Chlamydia is a very common disease which is primarily transmitted from one person to another via unprotected sex. It is generally caused by a bacteria which affects both men and women. Although it is not entirely without cure, not treating it on time and appropriately too can lead to very serious complications.
As common as this disease tends to be, there are still various misconceptions about it. For instance, whether chlamydia can be transmitted through kissing is still a subject of debate around the world – even among physicians.
Recent research in documented medical journals have a simple and straight answer to this unsettled misconception: “NO.” No, because it cannot be transferred from one person to another by kissing an infected person.
Once a person has been infected by chlamydia, various symptoms have a way of showing up.
Some of the most common are listed below.
- Uneasiness and pain in the lower abdomen.
- Pain in the testicles as the infected person feels the throbbing ache.
- Burning sensations and difficulty during urination.
- Strange discharge from the penis which could either be yellowish or greenish in color.
- Abnormal yellow discharge from the vagina.
- Painful sexual sensations during intercourse in women.
- Smelly and abnormal sore around the genitals.
- Bleeding of the vagina between certain periods.
- Rectal pain.
Chlamydia does not become evident immediately sexual intercourse happens between an infected person and an uninfected person. It rather takes a few weeks before the symptoms begin to manifest. In many cases, many people with Chlamydia show no symptoms, leaving them none the wiser, unsuspecting any possibility that they might even be living with the bacteria.
Causes and modes of contracting Chlamydia
One of the common causes of chlamydia is sexual intercourse without protection. Safe sexual behavior like using condoms with new or untrustworthy partners is key in this regard. Simple contact of the genitals between both parties can make an uninfected person contract it. It suffices to say that the disease can be acquired even without penetration. Anal sex is also not an exception to the mode of transmitting the bacteria.
Another way of contracting the infection is through oral or genital contact with the eyes. This may sound strange but is indeed very common, especially when fluids are exchanged during these processes.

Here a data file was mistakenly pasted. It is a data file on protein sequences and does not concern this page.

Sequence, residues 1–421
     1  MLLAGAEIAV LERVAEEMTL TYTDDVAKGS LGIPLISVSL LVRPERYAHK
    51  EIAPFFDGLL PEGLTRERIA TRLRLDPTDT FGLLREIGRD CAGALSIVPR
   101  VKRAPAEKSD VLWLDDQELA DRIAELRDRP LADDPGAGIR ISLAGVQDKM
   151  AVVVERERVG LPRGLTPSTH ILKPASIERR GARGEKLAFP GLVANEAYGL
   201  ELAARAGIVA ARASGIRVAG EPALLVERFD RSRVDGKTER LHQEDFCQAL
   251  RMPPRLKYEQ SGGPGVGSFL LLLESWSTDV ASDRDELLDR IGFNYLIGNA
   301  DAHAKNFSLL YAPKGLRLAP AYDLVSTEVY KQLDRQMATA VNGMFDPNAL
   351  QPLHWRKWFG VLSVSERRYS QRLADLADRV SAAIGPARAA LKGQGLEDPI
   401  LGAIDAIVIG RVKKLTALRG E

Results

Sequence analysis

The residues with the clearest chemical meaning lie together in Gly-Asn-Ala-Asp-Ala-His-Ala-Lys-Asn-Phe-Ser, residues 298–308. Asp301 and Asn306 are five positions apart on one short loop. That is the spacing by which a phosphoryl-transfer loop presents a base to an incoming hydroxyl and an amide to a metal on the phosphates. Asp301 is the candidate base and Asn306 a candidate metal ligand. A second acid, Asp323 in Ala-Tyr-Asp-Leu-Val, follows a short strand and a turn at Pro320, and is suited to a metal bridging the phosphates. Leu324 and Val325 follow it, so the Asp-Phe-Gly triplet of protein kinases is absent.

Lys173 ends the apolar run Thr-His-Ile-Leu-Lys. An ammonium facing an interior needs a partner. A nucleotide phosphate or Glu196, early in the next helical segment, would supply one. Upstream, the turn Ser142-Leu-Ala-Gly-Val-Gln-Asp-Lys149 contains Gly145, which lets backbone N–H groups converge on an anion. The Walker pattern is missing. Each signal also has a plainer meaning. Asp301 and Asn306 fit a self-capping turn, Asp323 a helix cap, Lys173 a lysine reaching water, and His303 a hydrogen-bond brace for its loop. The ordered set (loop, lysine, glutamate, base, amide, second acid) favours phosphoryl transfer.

Also, and very unfortunately too, a new born baby may acquire chlamydia from an infected mother during birth. This has necessitated some pre-natal tests of which chlamydia test happens to be one of.
Statistics have also shown that a person is at risk of contracting sexually transmitted diseases like the dreaded chlamydia if they keep more than one partner.
Diagnosis of Chlamydia
Chlamydia can be diagnosed easily by some very simple testing procedures. Samples of urine from an infected person can be used to establish the presence of the bacteria infection. A swab of fluid may also be taken from a vagina for women or the tip of the penis for men. A person can undergo such tests even if there are no symptoms. This is important and should be undertaken within two weeks of having unprotected sex. This test processes usually reduce the risk of infection.
Though men and women are susceptible to the infection, it is often more diagnosed in women. So, having rapid home test kits that can easily diagnose this disease at home is vital.
Treatment of Chlamydia
Chlamydia with its scary nature can be treated easily. Bearing in mind that its nature is that of bacteria, it can be treated with antibiotics. Various kinds of antibiotics may be employed to treat the bacteria based on the recommendations of a qualified medical doctor. Strict adherence to the prescription would surely eradicate the bacterial infection in approximately two weeks. In addition to the above, it is advised that a person under such medication should not engage in unprotected sex immediately as the bacteria can be contracted again after the treatment.
Prevention of Chlamydia
Perhaps the simplest way for a person to prevent him/herself from getting chlamydia is to use protection during sexual intercourse unless he/she is perfectly sure that the other partner is free from the bacteria. Regular tests for the bacteria is also imperative as this would go a long way in the effort of protection.
Interestingly, people infected with chlamydia in the throat often do not notice the symptoms. This is because there are many causes of sore throat other than this STD. It is however advisable that once a person feels some anomalies in the throat, a test should follow suit. As described above, chlamydia can be transmitted not only through sexual penetration but through many other sexual activities. In effect, the throat, vagina, penis, rectum or cervix may be the site of infection.